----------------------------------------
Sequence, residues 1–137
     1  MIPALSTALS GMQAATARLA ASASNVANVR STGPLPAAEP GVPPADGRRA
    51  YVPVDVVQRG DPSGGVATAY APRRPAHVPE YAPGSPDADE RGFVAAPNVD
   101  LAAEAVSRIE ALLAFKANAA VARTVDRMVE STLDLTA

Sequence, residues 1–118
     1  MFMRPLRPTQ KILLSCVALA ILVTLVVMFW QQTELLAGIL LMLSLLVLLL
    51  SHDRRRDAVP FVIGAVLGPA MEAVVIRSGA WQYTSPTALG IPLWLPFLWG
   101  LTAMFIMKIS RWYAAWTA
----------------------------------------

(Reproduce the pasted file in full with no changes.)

Sequence, residues 1–137
     1  MIPALSTALS GMQAATARLA ASASNVANVR STGPLPAAEP GVPPADGRRA
    51  YVPVDVVQRG DPSGGVATAY APRRPAHVPE YAPGSPDADE RGFVAAPNVD
   101  LAAEAVSRIE ALLAFKANAA VARTVDRMVE STLDLTA

Sequence, residues 1–118
     1  MFMRPLRPTQ KILLSCVALA ILVTLVVMFW QQTELLAGIL LMLSLLVLLL
    51  SHDRRRDAVP FVIGAVLGPA MEAVVIRSGA WQYTSPTALG IPLWLPFLWG
   101  LTAMFIMKIS RWYAAWTA